Children, teens, and families are navigating through tough times. Sometimes, it can be hard to tell whether day-to-day stress is getting the best of us, or when something more serious may be going on. In either case, talking with your child’s pediatrician is a great place to start.
How to Talk About Mental Health with Your Child and Their Pediatrician
Starting the conversation
Many pediatricians check for mental health concerns at well-child visits. The doctor may ask your child questions or ask them to fill out a questionnaire that checks in about how they are doing. As your child gets older, it’s important for them to have the opportunity to talk privately with their pediatrician. This also lets them practice talking with the doctor, which is a skill they will need as a young adult.
As a parent, you can also mention concerns about your child’s mental health, either at a well-child visit or whenever concerns arise. It is often a good idea to talk with your child ahead of time. Consider starting the conversation by assuring, “I care about you and want to make sure I understand how you’re feeling. Your doctor is someone who can help.”
What to look for in your child or teen
It is normal for your child to experience difficult thoughts, feelings and emotions. When these issues occur more than usual and begin to get in the way of regular functioning, it could be a sign of something more serious.
Here are some signs to look for that may signal the need for additional support:
- Feeling “on edge” or “wound up” most of the time
- Worrying about things for no reason or having negative thoughts that are hard to control
- Feeling panicky or having physical symptoms like headaches, stomach pains, rapid breathing, fast heartbeat, or diarrhea
- Avoiding activities because of fear or anxiety
- Changes in sleep habits (trouble sleeping or being tired during the day)
- Changes in eating habits (eating too much or too little)
- Being quick to give up on challenging tasks
- Struggling with schoolwork
- Spending more time alone
- Feeling sad or irritable
- Feeling guilty about things
- Talking about death or suicide
How your child’s pediatrician can help
Talk with your child’s pediatrician if you have noticed signs or symptoms that concern you. Even if you are just wondering if something is “normal” for your child’s developmental level, your child’s pediatrician is an ideal source of support.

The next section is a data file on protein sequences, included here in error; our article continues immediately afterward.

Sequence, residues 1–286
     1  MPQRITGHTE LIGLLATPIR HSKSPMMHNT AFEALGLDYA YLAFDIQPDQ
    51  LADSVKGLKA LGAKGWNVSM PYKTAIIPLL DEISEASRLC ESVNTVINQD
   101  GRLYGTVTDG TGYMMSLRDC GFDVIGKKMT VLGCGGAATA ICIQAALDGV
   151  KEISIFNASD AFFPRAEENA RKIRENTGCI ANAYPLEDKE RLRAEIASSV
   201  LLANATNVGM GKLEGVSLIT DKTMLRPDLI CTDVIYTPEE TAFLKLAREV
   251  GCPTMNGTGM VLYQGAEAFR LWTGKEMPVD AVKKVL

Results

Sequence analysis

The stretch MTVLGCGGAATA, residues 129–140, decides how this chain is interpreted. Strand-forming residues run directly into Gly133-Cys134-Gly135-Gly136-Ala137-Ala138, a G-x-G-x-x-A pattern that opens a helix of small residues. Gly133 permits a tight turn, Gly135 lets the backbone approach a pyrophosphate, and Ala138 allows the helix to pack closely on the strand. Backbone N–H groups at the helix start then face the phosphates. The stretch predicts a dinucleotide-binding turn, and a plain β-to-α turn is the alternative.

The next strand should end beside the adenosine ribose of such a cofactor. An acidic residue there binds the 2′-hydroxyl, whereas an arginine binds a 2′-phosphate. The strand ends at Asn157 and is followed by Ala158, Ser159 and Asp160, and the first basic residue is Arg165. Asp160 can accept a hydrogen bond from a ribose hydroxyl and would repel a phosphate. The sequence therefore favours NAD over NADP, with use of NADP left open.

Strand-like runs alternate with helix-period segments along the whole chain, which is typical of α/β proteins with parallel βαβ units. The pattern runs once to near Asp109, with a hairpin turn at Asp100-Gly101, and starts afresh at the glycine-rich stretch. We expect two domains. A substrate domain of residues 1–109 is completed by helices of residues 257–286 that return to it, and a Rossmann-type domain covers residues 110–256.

Your child’s pediatrician can also help you sort out whether talking with a mental health professional may be a good idea. They can help determine which issues they can support in their office versus when to see other mental health professionals, such as a psychologist, psychiatrist, social worker, or licensed professional counselor.
What else can parents do?
Even though mental health concerns are common, they may still carry a stigma in our society. Help fight this stigma by letting your child know that you love and support them, no matter how they are feeling. Let them know that we all sometimes struggle, and that help is available.
As with other conditions, your child’s pediatrician is a trusted source of information who can help you and your child through challenging times.
If you or someone you know is thinking about suicide and seeking emotional support, there are crisis lines available via phone, chat, or text:
- If you or someone you know is currently experiencing thoughts of suicide, or a mental health or substance use crisis, please call 988 to reach Suicide & Crisis Lifeline and speak with a trained crisis specialist 24/7.
- National Suicide Prevention Lifeline: 800-273-8255 (TALK)
- Crisis Text Line: Text IN to 741741 for free, 24/7 crisis counseling.
- Trevor Project Lifeline (confidential suicide hotline for LGBTQ+ youth): 866-488-7386
If a suicide attempt has occurred, call 911 immediately or go to a nearby hospital emergency room.
Should a situation arise in which your child needs to be admitted to a hospital, remember that Hendricks Regional Health’s dedicated pediatric unit is staffed 24/7 to care for children from birth to 18 years. Learn more at hendricks.org/pediatrics.